The Unexpected Place of Peace

Peace. It seems so elusive these days, doesn’t it?

Like a ray of sunshine streaming through my back window, my two-year-old reaches out his chubby fingers to grab the brilliant beam. Yet when he uncurls his fingers and peers into his small hand, it’s empty. Golden beauty gone. And the more he chases it and grabs for it, the more frustrated and confused he becomes.

Isn’t that how so many of us have been living for the past year?

We’ve spent our days grasping at anything that will give us peace in the midst of overwhelming chaos and confusion. And just when we think we’ve found a sunbeam, it fades as quickly as it arrived.

Over the past year I’ve spent far too many nights tossing, hoping that rest would come before dawn breaks through my windows. I’ve sought solace in a new kind of busyness, filling my days with children’s activities to abate their boredom all the while packing in work tasks and home projects. I’ve buried my anxiety, and the ache of loneliness, underneath a steady stream of media and news.

And yet if there’s one thing I’ve learned over the past year, it’s that peace cannot be found in manipulating my circumstances. No amount of busyness and noise can quiet the inner turmoil. If I’m waiting for sunlight to shine through my window, I’ll be left waiting and wanting every time.

So what if we shifted our focus? Instead of trying so hard to control our circumstances, what if we focused on changing ourselves?

It sounds easy enough. But anyone who has truly done the work of silence and solitude, examen and surrender, knows it’s hard fought.

For most of us, control is our default. We want to manufacture well-behaved children, so we spend our energy on an endless number of lectures and consequences. And in so doing, we fail to truly teach or create space for God to change their hearts. We want to experience connection, so we fill our calendar with lunch dates and say yes to every opportunity. But we end up feeling even more tired and isolated. We long for satisfaction, so we chase a dream believing that achieving a goal or making more money will fill the void. Yet once we clutch the thing we’ve worked so hard to obtain, it suddenly feels empty and even meaningless.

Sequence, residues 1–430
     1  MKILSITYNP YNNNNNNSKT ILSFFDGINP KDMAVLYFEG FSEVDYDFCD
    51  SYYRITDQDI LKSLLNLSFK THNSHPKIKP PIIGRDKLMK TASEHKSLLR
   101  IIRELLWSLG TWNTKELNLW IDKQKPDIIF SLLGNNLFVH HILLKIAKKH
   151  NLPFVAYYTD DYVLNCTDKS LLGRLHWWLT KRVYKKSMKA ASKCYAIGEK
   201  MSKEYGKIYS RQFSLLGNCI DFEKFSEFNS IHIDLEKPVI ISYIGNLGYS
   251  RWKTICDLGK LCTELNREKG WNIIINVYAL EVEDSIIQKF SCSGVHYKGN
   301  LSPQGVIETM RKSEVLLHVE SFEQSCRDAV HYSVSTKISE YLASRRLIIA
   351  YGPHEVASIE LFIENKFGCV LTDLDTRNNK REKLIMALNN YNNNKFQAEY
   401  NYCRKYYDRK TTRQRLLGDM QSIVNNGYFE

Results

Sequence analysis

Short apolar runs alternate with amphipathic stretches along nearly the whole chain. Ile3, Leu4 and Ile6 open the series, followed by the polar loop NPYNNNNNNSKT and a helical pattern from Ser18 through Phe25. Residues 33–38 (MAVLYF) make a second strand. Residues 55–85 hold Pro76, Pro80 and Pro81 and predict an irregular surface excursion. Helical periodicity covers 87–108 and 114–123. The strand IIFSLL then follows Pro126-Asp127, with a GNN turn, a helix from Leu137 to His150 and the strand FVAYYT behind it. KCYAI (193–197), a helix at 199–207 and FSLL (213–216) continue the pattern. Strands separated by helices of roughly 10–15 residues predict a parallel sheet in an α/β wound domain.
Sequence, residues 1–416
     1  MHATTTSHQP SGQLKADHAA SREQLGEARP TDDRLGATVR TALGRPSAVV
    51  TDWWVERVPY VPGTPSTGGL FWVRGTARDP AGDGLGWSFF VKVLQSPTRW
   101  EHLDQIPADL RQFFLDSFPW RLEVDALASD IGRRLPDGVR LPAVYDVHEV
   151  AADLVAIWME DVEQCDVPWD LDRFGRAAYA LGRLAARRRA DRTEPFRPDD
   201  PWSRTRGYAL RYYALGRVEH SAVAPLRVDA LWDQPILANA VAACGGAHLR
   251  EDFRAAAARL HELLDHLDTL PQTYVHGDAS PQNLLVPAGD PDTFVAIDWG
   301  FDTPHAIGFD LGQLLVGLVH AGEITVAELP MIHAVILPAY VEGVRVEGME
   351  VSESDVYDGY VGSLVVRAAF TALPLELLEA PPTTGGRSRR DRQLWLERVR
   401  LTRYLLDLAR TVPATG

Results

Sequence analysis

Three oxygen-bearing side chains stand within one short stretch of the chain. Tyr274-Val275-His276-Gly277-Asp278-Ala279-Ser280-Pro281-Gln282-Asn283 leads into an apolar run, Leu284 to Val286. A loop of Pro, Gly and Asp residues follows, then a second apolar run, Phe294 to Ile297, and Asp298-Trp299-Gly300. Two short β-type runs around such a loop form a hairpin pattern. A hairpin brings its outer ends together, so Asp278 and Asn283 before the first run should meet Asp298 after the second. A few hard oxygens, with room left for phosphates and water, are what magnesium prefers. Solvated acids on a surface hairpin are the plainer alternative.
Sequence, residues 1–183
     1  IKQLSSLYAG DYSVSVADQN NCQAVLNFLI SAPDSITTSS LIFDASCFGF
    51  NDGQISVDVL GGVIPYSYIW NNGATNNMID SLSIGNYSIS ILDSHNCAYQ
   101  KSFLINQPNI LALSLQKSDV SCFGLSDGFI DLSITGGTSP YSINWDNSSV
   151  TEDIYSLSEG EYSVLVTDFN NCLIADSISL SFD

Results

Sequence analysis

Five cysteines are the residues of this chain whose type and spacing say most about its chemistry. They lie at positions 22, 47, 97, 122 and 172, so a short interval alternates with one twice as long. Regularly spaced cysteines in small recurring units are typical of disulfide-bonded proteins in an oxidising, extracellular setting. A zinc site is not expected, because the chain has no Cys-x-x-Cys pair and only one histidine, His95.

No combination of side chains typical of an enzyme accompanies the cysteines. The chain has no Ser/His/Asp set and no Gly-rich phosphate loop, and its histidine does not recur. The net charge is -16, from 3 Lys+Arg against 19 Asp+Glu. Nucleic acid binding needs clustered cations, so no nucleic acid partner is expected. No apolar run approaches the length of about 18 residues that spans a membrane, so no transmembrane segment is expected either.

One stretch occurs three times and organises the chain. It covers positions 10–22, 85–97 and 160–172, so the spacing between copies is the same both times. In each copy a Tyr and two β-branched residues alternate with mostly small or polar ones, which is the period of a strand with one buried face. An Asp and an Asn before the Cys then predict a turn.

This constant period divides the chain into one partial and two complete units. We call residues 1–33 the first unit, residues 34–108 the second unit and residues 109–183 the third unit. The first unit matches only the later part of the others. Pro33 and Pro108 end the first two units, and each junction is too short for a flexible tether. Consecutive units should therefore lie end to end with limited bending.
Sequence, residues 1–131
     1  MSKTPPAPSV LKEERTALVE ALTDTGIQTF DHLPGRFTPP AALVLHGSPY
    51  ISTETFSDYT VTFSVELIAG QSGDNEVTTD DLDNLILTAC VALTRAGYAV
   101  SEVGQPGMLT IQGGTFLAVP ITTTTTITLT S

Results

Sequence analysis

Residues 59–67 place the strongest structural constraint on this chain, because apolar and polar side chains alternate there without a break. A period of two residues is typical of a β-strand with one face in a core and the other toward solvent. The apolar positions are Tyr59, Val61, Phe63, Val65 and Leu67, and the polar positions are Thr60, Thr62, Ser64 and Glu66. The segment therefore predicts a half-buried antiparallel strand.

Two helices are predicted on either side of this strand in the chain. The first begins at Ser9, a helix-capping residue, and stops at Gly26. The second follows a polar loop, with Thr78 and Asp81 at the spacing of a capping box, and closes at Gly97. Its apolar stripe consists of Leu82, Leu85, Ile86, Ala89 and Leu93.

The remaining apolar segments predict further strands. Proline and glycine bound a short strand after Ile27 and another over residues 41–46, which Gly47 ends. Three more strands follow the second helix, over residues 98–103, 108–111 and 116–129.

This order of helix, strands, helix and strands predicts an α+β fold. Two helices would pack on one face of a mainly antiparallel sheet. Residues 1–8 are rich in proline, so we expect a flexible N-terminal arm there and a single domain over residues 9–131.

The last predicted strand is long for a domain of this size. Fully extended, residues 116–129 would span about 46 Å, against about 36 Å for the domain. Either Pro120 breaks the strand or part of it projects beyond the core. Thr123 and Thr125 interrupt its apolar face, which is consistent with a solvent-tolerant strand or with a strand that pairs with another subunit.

But when we shift our focus inward, and spend our energy on what we can control within ourselves, that’s when change begins. That’s when peace pours in.

Instead of controlling our children, we learn to parent them from a posture of humility. The consequences still happen. The talks still take place. But our discipline is kind and patient. Our focus is less on the behavior and more on the heart — about pointing our kids to Jesus and the changes only he can bring within their heart.

Instead of filling our calendar with endless activities, we learn to find a balance between solitude and community, silence and celebration. We allow ourselves to be transformed by both places — realizing our relationship with Jesus is more satisfying than even the best friendship. We learn when to say no and how to say yes to that which truly serves others and nourishes us.

Instead of chasing a dream, we acknowledge that life is a vapor. Like a sunbeam gripped by chubby fingers, the shininess of achievement and possessions slips right through our hands. We let the brevity of this life sink in. We grieve the losses and long for more. And we let them push us toward greater and more lasting pursuits. Then if we do achieve our dream or obtain our goal, we can enjoy it in its rightful place — as a gift from our good and generous God.

For far too long I thought the place of peace lay outside me. A ray of sunshine, just waiting to burst through my window if only I could situate myself just right. But ever so slowly, I’m learning that peace is cultivated within. It’s found in the stillness and surrender — in the letting go.

When I choose to trust God with my circumstances, I’m freed to focus on the thoughts, attitudes, and behaviors I can control. With his help I can experience peace, even if my situations never change. Then just maybe I can be a light to someone else — a ray pointing them to One who gives us calm even in the midst of chaos.

Amanda DeWitt is a freelance writer, coach's wife, and mom. She completed her bachelor’s at Dallas Baptist University and holds a M.A. in media and communication from Dallas Theological Seminary. When she's not typing away at her computer, she's chasing her two little boys or watching her husband coach high school football.

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